Casella jumps over his yeas as a student at the University of Geneva and his PhD studies at the Geneva Graduate Institute for International Studies where he might have seen some back stabbing and also his years as a journalist where all his colleagues were not necessarily imaginative and selfless. However his emphasis is on his years with the Office of the High Commissioner for Refugees. (UNHCR)

 

He began with UNHCR early in 1973 at a particularly critical moment in the history of the US war in Vietnam. The High Commissioner was the atypical Prince Sadruddin Aga Khan who had a particular interest in Vietnam. He was the son of the Aga Khan, who as a delegate of India had been for a year the President of the Council of the League of Nations as well as the head of the Ismaeli branch of Shia Moslems. Thus Sadruddin grew up in a diplomatic milieu, studied at Harvard where he made US friends and contacts and had personal money which let him do things without checking with UNHCR accountants. Sadruddin also had a large château on the edge of the Lake of Geneva where he could invite people to whom he wished to speak informally. For Casella, all the following High Commissioners who came from national politics or the International Committee of the Red Cross had less 'style', fewer doors that opened at the sound of the name, and followed more closely bureaucratic rules.

 

'Breaking the Rules' gives the book its title and somewhat its theme. But, there is a difference between 'the rules' and the 'spirit of the rules'. The rules are set for an organization whose headquarters are in Geneva and where following rules in the narrow sense is part of the city's culture. Thus to give an example Casella uses, if you want to buy a ton of cement to build something in Geneva, you need to summit three estimates from three different companies to get an O.K. In Geneva, you can get three estimates in a hurry. But Casella wanted a ton of cement in Hanoi, which had to be shipped from China. There were not three companies in competition. So he bought cement from the one company available. Casella had a good local Vietnamese assistant so he did not pay too much.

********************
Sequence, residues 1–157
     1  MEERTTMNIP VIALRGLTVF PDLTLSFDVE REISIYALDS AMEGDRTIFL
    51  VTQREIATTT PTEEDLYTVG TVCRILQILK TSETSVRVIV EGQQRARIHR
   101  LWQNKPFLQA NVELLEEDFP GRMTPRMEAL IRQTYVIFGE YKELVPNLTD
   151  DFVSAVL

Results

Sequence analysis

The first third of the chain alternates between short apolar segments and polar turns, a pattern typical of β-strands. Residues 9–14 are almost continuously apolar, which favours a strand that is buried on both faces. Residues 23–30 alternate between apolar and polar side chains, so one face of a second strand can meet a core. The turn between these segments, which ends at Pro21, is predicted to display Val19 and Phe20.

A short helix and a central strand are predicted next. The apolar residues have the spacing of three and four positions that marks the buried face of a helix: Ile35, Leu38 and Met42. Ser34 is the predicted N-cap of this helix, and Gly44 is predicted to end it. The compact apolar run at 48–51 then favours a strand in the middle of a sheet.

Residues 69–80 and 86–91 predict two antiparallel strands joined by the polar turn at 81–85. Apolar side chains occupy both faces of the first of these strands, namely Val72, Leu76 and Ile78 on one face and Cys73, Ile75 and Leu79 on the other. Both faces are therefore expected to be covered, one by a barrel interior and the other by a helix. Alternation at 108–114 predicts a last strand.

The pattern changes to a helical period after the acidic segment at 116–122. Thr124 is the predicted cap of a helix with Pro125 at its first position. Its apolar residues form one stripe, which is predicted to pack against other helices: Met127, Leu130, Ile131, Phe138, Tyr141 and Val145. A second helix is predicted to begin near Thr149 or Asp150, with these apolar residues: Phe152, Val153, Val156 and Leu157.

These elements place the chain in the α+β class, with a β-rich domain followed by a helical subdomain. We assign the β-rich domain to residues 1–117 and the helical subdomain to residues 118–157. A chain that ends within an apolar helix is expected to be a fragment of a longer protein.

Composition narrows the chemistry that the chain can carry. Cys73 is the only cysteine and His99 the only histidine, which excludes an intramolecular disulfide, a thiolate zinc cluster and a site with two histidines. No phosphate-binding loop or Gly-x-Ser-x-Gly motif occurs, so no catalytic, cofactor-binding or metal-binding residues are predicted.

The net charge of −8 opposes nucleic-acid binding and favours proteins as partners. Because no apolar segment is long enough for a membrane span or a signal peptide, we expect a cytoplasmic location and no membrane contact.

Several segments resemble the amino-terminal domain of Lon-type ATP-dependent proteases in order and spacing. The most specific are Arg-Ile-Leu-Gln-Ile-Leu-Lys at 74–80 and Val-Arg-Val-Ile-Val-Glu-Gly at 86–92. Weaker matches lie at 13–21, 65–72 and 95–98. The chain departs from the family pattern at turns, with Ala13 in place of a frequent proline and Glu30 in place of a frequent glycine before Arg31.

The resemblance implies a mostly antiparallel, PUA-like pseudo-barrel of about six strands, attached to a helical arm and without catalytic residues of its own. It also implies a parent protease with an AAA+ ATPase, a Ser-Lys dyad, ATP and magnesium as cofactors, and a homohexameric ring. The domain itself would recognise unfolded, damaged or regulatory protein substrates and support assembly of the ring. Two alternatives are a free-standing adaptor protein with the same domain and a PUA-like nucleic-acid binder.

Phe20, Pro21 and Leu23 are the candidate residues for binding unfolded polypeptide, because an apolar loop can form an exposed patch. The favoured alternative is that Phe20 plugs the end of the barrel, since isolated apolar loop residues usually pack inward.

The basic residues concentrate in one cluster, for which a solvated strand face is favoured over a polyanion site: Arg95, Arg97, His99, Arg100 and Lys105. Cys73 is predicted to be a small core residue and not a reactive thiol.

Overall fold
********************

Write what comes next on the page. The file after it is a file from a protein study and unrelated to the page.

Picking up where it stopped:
As with much national diplomacy, UN organizations have to obfuscate while knowing the real situation. Thus in the early days when North Vietnam was not a member of the UN, the UNHCR had to deal with what was called 'the North Vietnamese Red Cross' though in practice the people were from the Foreign Ministry. So also with the 'boat people' issue of Vietnamese landing in other Asian countries. Some 'boat people' could not be granted refugee status and agreements had to be reached on their return to Vietnam with a government agreement not to prosecute for 'illegal exit'. The negotiations were difficult. Some things had to be made very clear; other things left vague. People known earlier reappear in different categories. You need a good memory.

 

A main difference between being part of a national diplomatic service and a UN agency, is that in a national service, although people have different temperaments, they share a common culture while in the UN, people come from different cultural backgrounds. Thus when Madame Ogata became High Commissioner “ however well she spoke English, she still had the mind set of a Japanese and there was no getting away from it...The stern-looking woman who received me that evening at six did not move from her desk as I was ushered into her office and did not seem particularly pleased to see me either.”

 

Another difference is the need to raise funds to carry out activities. While most of the bureaucratic functions of UNHCR are covered by a regular budget, activities on behalf of refugees in the field must be covered by special donations, usually from rich countries. Thus there is a need to 'sell' programs and not to offend the leaders of states who donate funds. There have to be as few 'waves' as possible and no reports of financial mismanagement.

 

Thus the need at times to 'whitewash' events, to make complicated situations look simpler, to have 'regional representation' of staff and yet somehow to weave the mosaic into one operational entity. Casella has written a realistic picture of UNHCR both in Geneva and Asia − a welcome addition to the small body of writings of firsthand experiences.

 

Rene Wadlow, President and a representative to the United Nations, Geneva, of the Association of World Citizens